One of my goals for My Financial Reviews is to highlight personal finance blogs and sites that I think can help you with your finances. This week I want to introduce you to Paula from Afford Anything.
She is the former deputy news editor of a daily newspaper in Colorado, where her work won awards from the Society of Professional Journalists, and her writing is now featured on personal finance websites such as MSN Money’s Smart Spending blog and the Motley Fool Blog Network.
When and why did you start Afford Anything?
In 2008, I quit my job, sold my stuff, and traveled across the Middle East, Asia, Europe and Australia/New Zealand for a little more than 2 years.
The most common reaction that I got from my friends was, “Wow, I’d love to do that but I can’t afford it.” That blew my mind. I had earned an entry-level news reporter’s salary (e.g. almost nothing!) and I managed to afford it, thanks to relentless prioritization.
I started Afford Anything to show people that they can, in fact, afford anything.
You cover a lot of different topics on your site like Money Myths and Travel. Which topic is your favorite to write on? Which topic do you feel like you could work on a bit more?
When I started the site, most of my posts covered travel and lifestyle design. I’m location independent, which means I can live anywhere on earth as long as I have an Internet connection. I make my own hours and write my own rules. Many of my initial posts covered entrepreneurship, freedom, travel and risk-taking.
In the two years since I returned to the U.S. and started the site, however, I’ve developed a new hobby: buying rental properties. My partner and I co-own 5 rental units, which bring us about $25,000 in passive income each year.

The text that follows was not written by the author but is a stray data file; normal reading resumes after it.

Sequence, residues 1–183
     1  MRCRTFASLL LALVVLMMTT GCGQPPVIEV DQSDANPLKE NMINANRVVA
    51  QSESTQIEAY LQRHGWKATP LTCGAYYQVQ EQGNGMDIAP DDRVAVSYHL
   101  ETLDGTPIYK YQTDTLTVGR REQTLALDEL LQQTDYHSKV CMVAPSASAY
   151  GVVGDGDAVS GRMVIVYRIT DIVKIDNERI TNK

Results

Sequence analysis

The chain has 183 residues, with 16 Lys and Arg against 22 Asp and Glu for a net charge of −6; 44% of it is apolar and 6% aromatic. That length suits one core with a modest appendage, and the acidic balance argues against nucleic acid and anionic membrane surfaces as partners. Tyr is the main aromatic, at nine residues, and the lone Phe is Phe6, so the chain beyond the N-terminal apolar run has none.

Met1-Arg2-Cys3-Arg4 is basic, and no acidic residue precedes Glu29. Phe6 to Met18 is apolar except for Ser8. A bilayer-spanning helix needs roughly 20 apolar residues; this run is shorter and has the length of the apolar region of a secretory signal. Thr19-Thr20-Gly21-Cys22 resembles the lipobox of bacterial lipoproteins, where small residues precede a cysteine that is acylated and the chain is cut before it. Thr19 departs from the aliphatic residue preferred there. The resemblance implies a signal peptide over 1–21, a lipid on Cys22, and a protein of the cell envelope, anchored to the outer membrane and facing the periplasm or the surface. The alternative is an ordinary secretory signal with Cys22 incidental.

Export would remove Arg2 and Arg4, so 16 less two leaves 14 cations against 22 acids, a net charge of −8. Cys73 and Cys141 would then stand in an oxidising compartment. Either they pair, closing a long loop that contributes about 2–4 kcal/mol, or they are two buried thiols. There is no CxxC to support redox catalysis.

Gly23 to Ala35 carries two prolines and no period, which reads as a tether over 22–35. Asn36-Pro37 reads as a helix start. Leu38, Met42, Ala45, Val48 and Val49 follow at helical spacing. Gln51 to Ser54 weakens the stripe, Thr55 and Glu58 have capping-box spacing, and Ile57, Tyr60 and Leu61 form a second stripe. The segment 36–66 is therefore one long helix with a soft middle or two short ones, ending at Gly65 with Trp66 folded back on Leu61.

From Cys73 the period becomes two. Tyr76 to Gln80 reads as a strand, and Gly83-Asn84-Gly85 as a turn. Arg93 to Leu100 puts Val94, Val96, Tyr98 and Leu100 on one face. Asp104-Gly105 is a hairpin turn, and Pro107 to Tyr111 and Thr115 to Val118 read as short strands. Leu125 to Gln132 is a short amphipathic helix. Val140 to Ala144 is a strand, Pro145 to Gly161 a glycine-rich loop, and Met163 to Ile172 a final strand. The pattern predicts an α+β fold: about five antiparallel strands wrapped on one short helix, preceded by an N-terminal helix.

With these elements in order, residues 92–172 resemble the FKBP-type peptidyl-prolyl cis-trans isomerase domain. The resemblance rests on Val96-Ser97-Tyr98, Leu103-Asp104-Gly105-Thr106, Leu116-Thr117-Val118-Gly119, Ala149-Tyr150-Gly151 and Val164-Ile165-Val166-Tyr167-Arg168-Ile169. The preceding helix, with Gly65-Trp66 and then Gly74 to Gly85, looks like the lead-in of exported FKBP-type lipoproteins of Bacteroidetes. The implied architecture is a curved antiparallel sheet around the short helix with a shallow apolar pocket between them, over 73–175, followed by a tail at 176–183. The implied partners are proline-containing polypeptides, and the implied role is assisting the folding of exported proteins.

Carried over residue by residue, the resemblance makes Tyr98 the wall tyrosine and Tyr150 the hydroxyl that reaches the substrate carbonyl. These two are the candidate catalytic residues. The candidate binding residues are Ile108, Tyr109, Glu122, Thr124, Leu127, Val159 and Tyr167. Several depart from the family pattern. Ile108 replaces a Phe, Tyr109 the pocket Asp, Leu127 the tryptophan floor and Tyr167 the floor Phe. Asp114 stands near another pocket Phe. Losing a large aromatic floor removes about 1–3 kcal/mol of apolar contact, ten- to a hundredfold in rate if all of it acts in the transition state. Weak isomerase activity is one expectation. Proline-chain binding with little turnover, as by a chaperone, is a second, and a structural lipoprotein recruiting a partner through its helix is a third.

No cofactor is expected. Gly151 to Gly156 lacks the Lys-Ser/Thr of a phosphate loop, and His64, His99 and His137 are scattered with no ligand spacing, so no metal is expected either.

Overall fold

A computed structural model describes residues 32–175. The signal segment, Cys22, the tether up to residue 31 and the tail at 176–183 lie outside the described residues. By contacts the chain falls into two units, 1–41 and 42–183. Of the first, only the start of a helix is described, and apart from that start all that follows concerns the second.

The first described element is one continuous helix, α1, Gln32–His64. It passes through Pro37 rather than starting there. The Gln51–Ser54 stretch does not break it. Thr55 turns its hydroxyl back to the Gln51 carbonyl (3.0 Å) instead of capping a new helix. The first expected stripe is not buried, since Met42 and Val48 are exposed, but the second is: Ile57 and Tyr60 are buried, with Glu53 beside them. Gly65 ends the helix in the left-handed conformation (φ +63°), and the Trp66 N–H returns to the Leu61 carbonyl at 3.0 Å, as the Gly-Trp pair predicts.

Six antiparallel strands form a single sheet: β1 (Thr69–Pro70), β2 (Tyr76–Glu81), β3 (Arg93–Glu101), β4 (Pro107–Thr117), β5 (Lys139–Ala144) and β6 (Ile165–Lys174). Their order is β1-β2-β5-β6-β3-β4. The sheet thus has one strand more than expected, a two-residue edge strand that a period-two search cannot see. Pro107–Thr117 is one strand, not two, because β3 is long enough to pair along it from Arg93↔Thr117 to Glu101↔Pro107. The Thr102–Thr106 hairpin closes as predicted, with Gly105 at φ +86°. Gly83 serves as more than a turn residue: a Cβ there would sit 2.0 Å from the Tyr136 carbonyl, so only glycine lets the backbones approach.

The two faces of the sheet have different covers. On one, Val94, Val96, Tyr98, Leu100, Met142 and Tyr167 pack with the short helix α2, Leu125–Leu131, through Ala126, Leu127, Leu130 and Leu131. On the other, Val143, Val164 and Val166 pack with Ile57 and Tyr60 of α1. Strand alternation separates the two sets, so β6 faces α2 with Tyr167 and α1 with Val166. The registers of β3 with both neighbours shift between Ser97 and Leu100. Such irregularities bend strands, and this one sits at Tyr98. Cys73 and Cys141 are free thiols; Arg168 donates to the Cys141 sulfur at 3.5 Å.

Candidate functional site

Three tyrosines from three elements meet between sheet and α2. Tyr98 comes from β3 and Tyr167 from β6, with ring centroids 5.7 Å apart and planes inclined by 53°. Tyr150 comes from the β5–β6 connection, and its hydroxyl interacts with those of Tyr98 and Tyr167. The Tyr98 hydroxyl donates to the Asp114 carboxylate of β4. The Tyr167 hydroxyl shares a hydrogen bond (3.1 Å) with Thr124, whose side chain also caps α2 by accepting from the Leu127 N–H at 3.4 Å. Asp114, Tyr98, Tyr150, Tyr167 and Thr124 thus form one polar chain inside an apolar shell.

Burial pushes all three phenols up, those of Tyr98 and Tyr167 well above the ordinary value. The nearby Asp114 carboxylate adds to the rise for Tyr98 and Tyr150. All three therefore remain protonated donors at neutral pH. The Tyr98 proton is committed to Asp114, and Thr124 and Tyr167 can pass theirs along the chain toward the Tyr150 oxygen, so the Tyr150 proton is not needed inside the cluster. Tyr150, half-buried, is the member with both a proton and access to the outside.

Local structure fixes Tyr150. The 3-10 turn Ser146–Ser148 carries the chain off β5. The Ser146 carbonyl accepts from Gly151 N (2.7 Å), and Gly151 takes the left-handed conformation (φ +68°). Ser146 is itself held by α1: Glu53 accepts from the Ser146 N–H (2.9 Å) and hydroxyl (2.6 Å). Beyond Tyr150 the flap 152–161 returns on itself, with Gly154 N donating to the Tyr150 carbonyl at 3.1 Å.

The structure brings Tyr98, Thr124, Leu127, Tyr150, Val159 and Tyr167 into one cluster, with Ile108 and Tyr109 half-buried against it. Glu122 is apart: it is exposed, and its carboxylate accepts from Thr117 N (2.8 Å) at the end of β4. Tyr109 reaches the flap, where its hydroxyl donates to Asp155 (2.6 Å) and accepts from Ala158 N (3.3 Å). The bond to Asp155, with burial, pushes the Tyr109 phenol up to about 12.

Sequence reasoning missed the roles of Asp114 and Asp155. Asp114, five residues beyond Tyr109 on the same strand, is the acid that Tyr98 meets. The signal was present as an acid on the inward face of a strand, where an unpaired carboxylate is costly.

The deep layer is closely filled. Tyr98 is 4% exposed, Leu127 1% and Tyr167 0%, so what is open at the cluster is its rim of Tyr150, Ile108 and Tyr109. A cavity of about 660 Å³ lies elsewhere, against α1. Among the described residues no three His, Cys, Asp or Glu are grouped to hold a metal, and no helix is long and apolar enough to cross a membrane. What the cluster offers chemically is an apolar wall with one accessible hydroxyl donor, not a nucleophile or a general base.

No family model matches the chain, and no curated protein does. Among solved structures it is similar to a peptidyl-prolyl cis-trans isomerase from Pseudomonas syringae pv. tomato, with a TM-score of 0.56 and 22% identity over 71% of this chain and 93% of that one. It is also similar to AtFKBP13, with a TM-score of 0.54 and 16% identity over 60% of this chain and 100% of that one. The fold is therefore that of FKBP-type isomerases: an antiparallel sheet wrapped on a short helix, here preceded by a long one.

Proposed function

Many of my recent posts have talked about rental property investing, and these days I have to restrain myself away from writing too much about that topic. I don’t want to develop a reputation as a “real estate” writer … I want to more broadly focus on lifestyle, entrepreneurship and wealth!
How do you handle your own finances? What system do you employ with: budgets, investing, and career?
I believe in the Anti-Budget: remove your desired savings amount off the top. Spend the rest. That’s far easier than line-iteming every grocery store purchase.
Last year my boyfriend and I saved roughly 50 percent of our combined income. We’ll be “wealthy” when our passive income is around $50,000, the median household income in America. We’re halfway there, but surprisingly, it seems to be getting harder with time, not easier. There aren’t as many great real estate deals as there were in 2010!
What’s the biggest financial mistake you’ve ever made? What did you learn from it?
Buying into social myths like “Rich people are careless with money” (they’re not) and “I’d rather be happy than rich” (who says they’re contradictory?)
My worst mistake, though, was probably being too frugal. The more time and energy I spent penny-pinching, the less I was able to progress in my career and my investments. The best thing I ever did, financially, was to become frugal with time rather than money.
What are your goals this year and beyond with Afford Anything?
Build a tribe. Start a movement. I want people to see what’s possible. Focus on abundance. Think big. Realize their life is too short for coupon-clipping and penny-pinching. There are (literal) mountains to conquer, companies to launch, books to write, art to create, oceans to sail and people to love.